The infeed conveyor shown generally at 17 is used to deliver the articles in single file order to the apparatus as illustrated in FIGURE 1. The infeed conveyor includes an upper belt 18 and a lower belt 19. The belts are supported at one end by the idler pulleys 20 and 21, respectively. The idler pulley 20 is journaled in the brackets 22 and 23 (FIGURE 2) attached tov the member 14. The idler pulley 21 is journaled in the upper portion of the inner frame member 16 as illustrated in FIGURE 2. While the infeed conveyor belts are broken off as shown in FIGURE 1, it will be understood by those skilled in the art that they will be supported by a pair of drive pulleys (not shown) in conventional fashion. Preferably, the belts 18 and 19 are moved at substantially constant speed and are faced with a resilient high friction surface so that the bars of soap 24 will be positively fed at substantially constant spacing.
A pair of stationary face earns 25 and 26 are attached to the vertical support members 12 and 13. As illustrated in FIGURE 3, the cam 25 is provided with 3 circuitous cam tracks which are indicated as A, B and C for convenience. The other cam 26 is of similar configuration having the same number of mirror image cam tracks (not shown) as the tracks A, B and C.
The main shaft 27 is journaled in the bearings 28 and 29. The main shaft 27 has a drive sprocket 30 keyed to one end. Spacer rings 31 and 32 are secured to the shaft 27 and each is provided with a plurality of radial openings 33 to receive the hollow arm members 34. As illustrated in FIGURE 3, a plurality of equally spaced arm members 34 are provided as it is necessary to provide at least as many arm members as there are articles in the group to be collected. The total number of arm members may then be multiplied by any integer for more effective and etficient operation. In the present illustration, nine equally spaced arm members 34 are provided on each spacer ring 31 and 32. This figure is arrived at by multiplying the number of articles to be grouped, 3, by an integer, 3, although any other integer could be used. The spacer rings 31 and 32 are so mounted that each arm 34 secured to the ring 31 is parallel to and axially spaced from an arm member 34 secured to the ring 32 whereby a plurality of pairs of arms 34 are formed (see FIGURE The arm members 34 are each provided with a radially movable guide within the hollow portion of the arm member. As illustrated in FIGURES 6, 7, and 8, the hollow 35 in the arm members 34 have the guides 36, 37 and 38 mounted therein. The guide 36 (FIGURE 6) has a cam follower 39 which rides in the track C. Similarly, the guides 37 and 38 have followers 40 and 41 which ride in the tracks B and A respectively. The arms 34 are slitted at 34a and 34b (FIGURE 5) in order to permit the guides 36, 37 and 38 to be moved radially due to changes in the shape of cam tracks A, B and C.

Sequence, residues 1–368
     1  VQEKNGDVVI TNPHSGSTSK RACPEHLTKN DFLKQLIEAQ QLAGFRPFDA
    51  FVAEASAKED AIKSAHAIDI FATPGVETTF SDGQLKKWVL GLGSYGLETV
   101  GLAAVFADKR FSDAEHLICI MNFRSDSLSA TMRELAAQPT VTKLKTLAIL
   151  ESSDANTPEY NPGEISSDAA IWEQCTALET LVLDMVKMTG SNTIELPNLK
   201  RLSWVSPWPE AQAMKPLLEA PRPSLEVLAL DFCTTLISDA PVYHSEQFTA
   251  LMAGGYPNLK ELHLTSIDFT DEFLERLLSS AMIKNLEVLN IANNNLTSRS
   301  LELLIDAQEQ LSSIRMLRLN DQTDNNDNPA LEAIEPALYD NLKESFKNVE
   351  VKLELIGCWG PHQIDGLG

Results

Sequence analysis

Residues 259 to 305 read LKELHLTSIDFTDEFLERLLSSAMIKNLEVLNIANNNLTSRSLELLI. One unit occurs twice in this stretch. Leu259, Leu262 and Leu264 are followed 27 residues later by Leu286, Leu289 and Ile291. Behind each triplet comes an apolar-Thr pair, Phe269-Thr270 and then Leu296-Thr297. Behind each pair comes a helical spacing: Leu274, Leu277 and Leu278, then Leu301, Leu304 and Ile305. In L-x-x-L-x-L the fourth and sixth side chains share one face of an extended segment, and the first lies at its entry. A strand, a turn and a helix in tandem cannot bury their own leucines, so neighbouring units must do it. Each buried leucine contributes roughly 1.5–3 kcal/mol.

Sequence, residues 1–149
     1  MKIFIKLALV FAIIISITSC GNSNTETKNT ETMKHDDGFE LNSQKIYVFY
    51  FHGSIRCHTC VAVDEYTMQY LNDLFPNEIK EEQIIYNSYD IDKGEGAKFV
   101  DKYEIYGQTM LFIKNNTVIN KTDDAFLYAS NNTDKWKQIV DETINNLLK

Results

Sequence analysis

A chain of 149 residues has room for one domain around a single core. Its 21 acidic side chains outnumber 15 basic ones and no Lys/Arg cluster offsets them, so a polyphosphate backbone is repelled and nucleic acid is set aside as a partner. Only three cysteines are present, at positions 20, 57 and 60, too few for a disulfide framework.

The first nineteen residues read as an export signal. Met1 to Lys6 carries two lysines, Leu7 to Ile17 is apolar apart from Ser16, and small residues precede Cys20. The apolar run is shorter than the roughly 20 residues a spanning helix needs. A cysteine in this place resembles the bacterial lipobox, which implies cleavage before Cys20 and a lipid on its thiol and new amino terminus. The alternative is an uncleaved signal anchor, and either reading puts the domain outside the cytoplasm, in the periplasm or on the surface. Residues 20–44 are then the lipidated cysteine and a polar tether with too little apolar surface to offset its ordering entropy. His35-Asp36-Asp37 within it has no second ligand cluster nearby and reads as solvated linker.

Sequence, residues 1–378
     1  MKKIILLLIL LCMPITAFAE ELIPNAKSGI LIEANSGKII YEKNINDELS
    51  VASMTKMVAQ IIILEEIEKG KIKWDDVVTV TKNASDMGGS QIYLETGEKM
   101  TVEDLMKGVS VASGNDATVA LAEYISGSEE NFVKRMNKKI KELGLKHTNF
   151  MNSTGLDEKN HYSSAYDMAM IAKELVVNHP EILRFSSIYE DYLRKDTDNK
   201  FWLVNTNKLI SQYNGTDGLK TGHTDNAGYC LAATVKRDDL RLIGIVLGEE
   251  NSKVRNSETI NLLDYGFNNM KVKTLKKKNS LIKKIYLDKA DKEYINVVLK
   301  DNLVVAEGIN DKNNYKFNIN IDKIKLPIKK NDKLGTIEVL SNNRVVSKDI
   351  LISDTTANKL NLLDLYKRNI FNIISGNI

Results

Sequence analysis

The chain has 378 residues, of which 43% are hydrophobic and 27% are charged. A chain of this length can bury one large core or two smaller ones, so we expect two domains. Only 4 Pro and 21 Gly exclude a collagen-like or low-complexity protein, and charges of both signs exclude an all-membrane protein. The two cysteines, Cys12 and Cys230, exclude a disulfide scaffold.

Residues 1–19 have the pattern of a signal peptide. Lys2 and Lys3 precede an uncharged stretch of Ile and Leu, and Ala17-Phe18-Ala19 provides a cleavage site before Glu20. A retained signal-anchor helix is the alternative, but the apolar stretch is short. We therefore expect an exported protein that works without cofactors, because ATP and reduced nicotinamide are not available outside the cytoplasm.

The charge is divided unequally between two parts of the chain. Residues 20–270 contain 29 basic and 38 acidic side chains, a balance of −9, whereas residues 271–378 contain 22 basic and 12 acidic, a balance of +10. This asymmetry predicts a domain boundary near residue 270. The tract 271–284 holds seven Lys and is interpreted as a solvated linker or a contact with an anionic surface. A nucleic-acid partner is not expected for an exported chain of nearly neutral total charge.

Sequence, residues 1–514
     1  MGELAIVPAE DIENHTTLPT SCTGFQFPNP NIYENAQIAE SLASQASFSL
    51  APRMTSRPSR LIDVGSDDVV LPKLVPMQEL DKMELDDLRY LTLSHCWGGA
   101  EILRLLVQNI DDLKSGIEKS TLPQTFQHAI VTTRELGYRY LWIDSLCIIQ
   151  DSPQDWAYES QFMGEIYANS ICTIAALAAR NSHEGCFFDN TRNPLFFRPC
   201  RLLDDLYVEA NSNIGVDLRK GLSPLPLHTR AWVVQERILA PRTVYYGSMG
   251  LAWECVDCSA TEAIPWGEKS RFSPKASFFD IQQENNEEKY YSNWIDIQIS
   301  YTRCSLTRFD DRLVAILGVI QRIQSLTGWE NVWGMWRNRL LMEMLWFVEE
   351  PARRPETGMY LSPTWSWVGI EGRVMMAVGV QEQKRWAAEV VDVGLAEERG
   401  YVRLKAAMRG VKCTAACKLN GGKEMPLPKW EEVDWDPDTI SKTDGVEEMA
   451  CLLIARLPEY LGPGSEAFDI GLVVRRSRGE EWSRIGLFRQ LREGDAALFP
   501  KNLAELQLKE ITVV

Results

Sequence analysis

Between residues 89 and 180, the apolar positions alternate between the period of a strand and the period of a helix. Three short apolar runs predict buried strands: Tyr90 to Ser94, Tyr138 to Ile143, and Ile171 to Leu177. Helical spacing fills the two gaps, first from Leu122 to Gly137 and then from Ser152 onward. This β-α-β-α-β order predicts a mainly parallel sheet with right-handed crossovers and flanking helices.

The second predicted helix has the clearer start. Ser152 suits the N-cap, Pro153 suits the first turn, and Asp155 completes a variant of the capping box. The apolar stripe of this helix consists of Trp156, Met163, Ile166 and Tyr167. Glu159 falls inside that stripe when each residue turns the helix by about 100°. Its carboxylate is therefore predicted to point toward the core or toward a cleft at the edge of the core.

Each of the guides has a receiver block 42 attached thereto. Preferably, a resilient cushion 43 (FIGURES 4, 6, 7 and 8) made from foam rubber, foam plastic or the like is provided in each receiver block 42 so that the article will not be damaged. It will be noted that the cam followers 39, 40 and 41 are located at a different relative radial position with respect to the receiver blocks 42 in each of FIGURES 6, 7 and 8. The purpose of this will be appreciated when viewing FIGURE 3 since it will be seen that the bars of soap are delivered at the same height to the receiver blocks 42 whereas the position of deposit of the bars in carriers 49 must vary depending upon which track (A, B or C) it is following.